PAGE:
|Fig. 1||Fig. 2||Fig. 3|
|The Pans Port||The Precentor's manse||The boundary wall of the Archdeacon's manse with rounded arch gate|
|Fig. 4||Fig. 5||Fig. 6||Fig. 7|
|The 1224 establishment and then the enlargement after 1270||North wall of choir showing traces of blocked-in windows||The south wall of the southern transept||Integrated tower and nave construction|
|Fig. 8||Fig. 9||Fig. 10||Fig. 11||Fig. 12||Fig. 13||Fig. 14|
|The octagonal chapterhouse on the left, and behind it indications of the now missing north choir aisle||The nave in the foreground, the transepts in the middle ground and the choir and choir aisles in the rear ground||Tomb and effigy of Bishop John Winchester (1435–1460) in the south aisle of the choir||West gable apex and arms of Bishopric of Moray (left), Royal arms of Scotland (centre) and Bishop Columba de Dunbar (right)||The 15th century replacement windows in the 13th century openings||Interior of the chapterhouse showing the central column supporting the vaulted ceiling||The bench reserved for the dean and dignitaries within the chapterhouse|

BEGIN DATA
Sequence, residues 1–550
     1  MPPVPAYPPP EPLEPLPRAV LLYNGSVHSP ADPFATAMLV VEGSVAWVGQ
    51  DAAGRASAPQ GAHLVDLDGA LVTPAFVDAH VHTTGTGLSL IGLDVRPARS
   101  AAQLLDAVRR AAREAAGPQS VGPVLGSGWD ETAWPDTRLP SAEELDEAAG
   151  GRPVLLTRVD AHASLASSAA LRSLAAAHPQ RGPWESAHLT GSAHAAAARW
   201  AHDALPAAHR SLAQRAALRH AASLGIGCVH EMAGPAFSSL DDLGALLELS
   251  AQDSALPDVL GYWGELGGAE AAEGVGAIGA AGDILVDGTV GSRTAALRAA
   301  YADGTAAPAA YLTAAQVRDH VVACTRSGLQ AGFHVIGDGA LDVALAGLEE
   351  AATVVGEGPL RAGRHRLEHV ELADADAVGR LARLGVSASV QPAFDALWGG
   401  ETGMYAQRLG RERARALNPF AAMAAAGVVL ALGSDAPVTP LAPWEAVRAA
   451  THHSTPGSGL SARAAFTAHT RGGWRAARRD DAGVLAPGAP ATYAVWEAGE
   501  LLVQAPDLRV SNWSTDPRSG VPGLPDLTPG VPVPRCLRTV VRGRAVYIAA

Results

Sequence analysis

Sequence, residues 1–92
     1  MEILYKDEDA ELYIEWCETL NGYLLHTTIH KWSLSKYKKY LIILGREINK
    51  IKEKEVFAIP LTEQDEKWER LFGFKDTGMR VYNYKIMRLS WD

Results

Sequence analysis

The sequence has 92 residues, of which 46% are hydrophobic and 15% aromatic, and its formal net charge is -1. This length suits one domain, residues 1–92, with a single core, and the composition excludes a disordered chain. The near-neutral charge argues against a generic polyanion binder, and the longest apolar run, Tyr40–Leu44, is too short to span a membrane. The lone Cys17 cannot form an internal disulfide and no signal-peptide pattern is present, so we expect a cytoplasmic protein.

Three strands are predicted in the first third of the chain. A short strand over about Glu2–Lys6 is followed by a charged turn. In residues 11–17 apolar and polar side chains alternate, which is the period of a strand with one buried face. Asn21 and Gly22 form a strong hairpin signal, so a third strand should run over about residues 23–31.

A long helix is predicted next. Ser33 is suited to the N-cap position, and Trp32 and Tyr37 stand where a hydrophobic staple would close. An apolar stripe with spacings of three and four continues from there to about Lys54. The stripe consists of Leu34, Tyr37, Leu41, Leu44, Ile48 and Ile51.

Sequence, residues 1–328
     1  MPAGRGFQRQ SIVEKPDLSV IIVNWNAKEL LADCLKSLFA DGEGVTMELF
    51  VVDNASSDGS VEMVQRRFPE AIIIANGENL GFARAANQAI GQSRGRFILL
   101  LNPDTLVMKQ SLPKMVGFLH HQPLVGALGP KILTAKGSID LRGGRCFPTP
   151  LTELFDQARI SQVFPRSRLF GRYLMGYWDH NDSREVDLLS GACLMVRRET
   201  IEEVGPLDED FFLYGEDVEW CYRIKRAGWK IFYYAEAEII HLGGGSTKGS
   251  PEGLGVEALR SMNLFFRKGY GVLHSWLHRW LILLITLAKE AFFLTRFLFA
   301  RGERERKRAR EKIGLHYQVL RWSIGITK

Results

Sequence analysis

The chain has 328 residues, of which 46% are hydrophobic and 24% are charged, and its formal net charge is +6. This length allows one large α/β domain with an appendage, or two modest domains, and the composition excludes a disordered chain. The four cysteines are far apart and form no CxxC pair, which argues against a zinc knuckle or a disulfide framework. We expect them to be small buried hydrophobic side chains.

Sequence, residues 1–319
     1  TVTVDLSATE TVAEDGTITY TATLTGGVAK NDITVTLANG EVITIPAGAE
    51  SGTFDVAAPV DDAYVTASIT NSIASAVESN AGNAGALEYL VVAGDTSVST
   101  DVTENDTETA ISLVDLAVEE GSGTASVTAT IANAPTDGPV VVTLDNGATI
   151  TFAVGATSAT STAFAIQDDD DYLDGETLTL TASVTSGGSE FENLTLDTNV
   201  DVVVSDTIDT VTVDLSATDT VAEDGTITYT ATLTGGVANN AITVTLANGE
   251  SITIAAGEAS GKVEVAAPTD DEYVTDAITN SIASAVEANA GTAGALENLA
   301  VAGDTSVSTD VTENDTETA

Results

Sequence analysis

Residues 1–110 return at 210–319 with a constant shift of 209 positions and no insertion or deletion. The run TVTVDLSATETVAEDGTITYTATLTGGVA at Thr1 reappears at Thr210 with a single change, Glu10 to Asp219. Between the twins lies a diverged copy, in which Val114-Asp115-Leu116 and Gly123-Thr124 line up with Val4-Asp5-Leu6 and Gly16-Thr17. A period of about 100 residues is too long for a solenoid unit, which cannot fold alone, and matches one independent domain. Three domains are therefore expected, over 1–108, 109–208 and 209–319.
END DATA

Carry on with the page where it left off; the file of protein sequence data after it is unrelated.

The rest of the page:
|Fig. 15||Fig. 16||Fig. 17||Fig. 18||Fig. 19||Fig. 20||Fig. 21|
|The replacement of the missing form pieces, mullions, and decorative ribs in the window in the north-east wall of the chapterhouse||Partial dismantling of some 19th-century buttressing in the 1930s||The rebuilt sections of the nave piers using recovered pieces||External roofing of the vault in the south choir in 1939||During the last forty years of the 20th century crumbling stonework was restored||Between 1976 and 1988, the chapterhouse window tracery was gradually replaced and its re-roofing completed||Floors, glazing, and new roofs were added to the west towers between 1988 and 2000|